Some solids, like sodium chloride, sulphur and sugar, besides being incompressible and rigid, have also characteristic geometrical forms. In these solids the atoms or molecules are arranged in a very regular and orderly fashion in a three dimensional pattern. Such substances are called crystalline solid.
The X-ray diffraction studies reveal that their ultimate particles (viz., molecules, atoms or ions) are arranged in a definite pattern throughout the entire three-dimensional net-work of a crystal. This definite and ordered arrangement of molecules, atoms or ions (as the case may be) extends over a large distance. This is termed as long-range order.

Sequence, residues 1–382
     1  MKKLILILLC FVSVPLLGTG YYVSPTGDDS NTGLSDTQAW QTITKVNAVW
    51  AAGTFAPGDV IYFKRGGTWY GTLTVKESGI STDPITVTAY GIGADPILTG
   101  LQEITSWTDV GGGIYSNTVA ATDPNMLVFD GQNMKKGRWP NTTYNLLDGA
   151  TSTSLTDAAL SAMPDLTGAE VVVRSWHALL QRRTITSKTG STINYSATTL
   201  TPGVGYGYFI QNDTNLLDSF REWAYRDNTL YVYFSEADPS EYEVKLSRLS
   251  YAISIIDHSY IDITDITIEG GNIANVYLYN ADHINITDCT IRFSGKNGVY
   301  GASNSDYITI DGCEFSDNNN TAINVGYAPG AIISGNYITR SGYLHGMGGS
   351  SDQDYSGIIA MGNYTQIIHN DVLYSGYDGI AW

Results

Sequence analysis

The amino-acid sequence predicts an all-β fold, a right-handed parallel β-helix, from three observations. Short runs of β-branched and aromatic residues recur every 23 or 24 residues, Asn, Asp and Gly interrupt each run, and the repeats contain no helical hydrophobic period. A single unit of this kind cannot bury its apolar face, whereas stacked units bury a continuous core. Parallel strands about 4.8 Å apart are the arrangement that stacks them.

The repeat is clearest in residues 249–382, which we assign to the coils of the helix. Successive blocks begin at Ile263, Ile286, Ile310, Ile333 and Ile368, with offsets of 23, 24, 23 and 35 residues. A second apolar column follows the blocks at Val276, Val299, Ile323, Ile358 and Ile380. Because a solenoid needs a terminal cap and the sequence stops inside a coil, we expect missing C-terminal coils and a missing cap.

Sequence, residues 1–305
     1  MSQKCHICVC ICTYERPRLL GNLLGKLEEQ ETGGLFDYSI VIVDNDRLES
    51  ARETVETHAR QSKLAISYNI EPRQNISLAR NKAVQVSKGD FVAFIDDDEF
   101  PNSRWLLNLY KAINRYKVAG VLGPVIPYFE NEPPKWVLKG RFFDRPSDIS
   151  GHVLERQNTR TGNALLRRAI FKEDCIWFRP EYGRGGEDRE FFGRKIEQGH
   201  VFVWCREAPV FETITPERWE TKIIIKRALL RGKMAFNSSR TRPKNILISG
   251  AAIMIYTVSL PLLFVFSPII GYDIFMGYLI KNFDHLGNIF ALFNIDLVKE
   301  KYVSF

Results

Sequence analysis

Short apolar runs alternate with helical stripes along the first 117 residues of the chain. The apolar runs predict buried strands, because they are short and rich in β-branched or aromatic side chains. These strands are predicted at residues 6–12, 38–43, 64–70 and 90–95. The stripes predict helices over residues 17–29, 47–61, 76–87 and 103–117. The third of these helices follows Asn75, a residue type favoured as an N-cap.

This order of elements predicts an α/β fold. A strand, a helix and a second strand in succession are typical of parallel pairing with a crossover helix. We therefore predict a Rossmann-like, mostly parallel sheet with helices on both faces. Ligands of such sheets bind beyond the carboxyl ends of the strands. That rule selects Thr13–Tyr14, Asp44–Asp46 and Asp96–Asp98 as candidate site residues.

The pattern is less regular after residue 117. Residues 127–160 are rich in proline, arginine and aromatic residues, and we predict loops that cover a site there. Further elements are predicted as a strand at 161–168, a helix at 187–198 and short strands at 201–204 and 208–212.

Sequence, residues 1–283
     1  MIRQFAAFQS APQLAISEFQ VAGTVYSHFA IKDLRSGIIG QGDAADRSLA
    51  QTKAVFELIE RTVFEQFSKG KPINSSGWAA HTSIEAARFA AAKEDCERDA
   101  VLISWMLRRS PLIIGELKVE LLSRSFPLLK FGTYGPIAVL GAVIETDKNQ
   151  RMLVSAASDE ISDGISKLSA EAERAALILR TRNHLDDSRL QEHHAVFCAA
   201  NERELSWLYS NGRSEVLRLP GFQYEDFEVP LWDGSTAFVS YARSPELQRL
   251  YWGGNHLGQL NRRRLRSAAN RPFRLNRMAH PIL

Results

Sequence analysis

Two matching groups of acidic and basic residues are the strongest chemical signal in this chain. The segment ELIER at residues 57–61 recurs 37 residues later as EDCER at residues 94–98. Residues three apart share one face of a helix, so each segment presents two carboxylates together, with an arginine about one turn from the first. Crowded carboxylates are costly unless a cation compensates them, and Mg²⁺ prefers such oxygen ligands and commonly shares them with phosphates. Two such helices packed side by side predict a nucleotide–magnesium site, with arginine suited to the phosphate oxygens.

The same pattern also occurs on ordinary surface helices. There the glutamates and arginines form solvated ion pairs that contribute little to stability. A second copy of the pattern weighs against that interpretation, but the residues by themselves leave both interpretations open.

The outstanding characteristics of a crystalline solid are its sharp melting point. Crystalline solids are anisotropic since they exhibit different physical properties in all directions e.g., the electrical and thermal conductivities are different in different directions.
There is another category of solids such as glass, rubber and plastics, which possess properties of incompressibility and rigidity to a certain extent but do not have definite geometrical forms. Such substances are called amorphous solids